How FinTech is changing the face of banking
Money makes the world go round
The banking sector comes under immense scrutiny on a daily basis. Rightly so – any institution in charge of our money is a serious business. Luckily, banks and other financial institutions take their tech just as seriously.
In fact, technology is changing the very face of banking. Who we bank with, how we bank with them, and what happens to our money once we’ve banked it, is all changing thanks to tech.
So what does this new face look like?
Putting the Fin in FinTech
FinTech is big label (check out our recent FinTech for Dummies blog for a breakdown) and covers everything from insurance to investments. However, at its heart lies banking tech.
Despite challenges with Brexit and government changes, UK-based FinTech startups attracted over half a billion dollars of investment in the first half of 2017 – a rise of 37% from last year – and global FinTech investments doubled to $8.4 billion in a single quarter. A sign that technology has found itself at the heart of the financial world.
While blockchain and bitcoin have turned into headline grabbers when talking about FinTech, it is banking that is really putting the fin in FinTech.
Just look at challenger bank Monzo. It officially gained its full, unrestricted banking licence from UK regulators earlier this year, and can now hold customer money and offer current accounts. All online, it has built its own banking software so your account can just live on your smartphone.
With high street banks shrinking in size or closing completely, the rise of app banks like Monzo and Atom is bringing a dawn of banking for the future.
One area that new and traditional banking institutions have in common is the potential for fraud. As we move more and more of our banking online, and the introduction of contactless cards and mobile payments, is opening consumers up to a new level of crime.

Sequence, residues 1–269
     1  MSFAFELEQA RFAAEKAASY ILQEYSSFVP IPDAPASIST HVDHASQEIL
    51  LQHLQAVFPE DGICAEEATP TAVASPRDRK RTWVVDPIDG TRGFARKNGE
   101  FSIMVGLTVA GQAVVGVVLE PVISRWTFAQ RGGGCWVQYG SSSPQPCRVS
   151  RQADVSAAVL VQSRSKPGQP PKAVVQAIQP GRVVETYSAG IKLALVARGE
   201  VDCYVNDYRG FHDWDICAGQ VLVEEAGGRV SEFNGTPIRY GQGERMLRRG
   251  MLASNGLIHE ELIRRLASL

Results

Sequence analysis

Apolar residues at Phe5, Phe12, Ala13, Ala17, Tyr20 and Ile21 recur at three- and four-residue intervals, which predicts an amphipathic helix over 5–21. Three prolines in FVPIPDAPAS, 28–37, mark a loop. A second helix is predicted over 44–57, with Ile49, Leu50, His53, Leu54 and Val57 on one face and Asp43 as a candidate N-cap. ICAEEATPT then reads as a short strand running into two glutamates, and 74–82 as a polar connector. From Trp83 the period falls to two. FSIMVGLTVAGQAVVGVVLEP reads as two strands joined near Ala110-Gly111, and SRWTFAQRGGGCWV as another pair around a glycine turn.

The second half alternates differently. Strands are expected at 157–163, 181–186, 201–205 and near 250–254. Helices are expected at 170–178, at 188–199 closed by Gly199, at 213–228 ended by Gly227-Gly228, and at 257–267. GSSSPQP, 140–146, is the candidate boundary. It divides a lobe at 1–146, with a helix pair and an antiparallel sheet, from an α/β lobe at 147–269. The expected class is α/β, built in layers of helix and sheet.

As we shared in our previous blog, cybersecurity is becoming a real issue for modern day banking. Luckily for us, whilst tech might be part of the problem, when it comes to cybercrime it is also part of the solution.
Previously, banks placed a heavy focus on how it dealt with fraud after the event. However, they are now investing in technology that predicts fraud and data breaches before it happens.
According to research by the US Federal Trade Commission (FTC), it takes just nine minutes for stolen card and account data to be used on the dark web. Now compare that to the fact that current processes can take around six to 18 months to recognise and alert banks to data breeches and you can see just what can happen to our money.
Now Mastercard is stepping up by launching its new “Early Detection System” to determine to high-risk cards and accounts that have been exposed, and sends an alert to the bank, quantifying the level of risk. This enables the bank to make the right choice of action.
Identifying active criminal trading of account data, or identifying cards being tested prior to being used for fraud, or account data that appears to be at risk, can help put the banks, and ultimately the consumer, back in control.
A new ATM
Can you believe that ATMs turned 50 this year? That’s right, in 1967 a new way of withdrawing money from the bank was born. They were revolutionary, exciting and a technological wonder.
Now they have become a mainstay in modern life. Dutifully doing the job we need them to do (unless they run out of money!) Whilst they have been “tweaked” over the years, the main concept of ATMs has remained the same… until now.
ATMs are the next element of banking to be given a bit of a tech overhaul.
A mixture of customer convenience and fraud protection is driving a new wave of ATMS.
Larger, digital, tablet-like screens will be the norm soon, and consumers will no longer need to speak to an actual staff member as ATMs grow in ability, but it will be how we will withdraw our money that will see the most technical innovation.
We already can’t live our lives without our smartphones, and now it could be in control of our cash too. Entering your PIN, along with a code provided via the bank’s app will enable you to withdraw cash with your smartphone rather than your card.
Already adopted across the globe, this technology is expected to reduce criminal activity like card-skimming, at the ATM. However, it doesn’t stop there.
China is now trialling facial recognition software and will be expected to stare into a camera for six seconds to verify their identity with facial-recognition software. It won’t just be facial recognition we will need to get our hands on our own cash.
Research is suggesting that revenue generated by fingerprint, voices, and irises scanning hardware and software is expected to reach $15.1 billion by 2025.
Banking is changing
There is no denying it. Technology has infiltrated the traditional and brought it up to the modern.
Breaking into the bank safe will be a crime of the past, but do we feel safe with this new way of banking?
The face of banking is changing, but only time will tell if it will lead to a face-off with customers. One thing is for sure, technology is looking after our money now.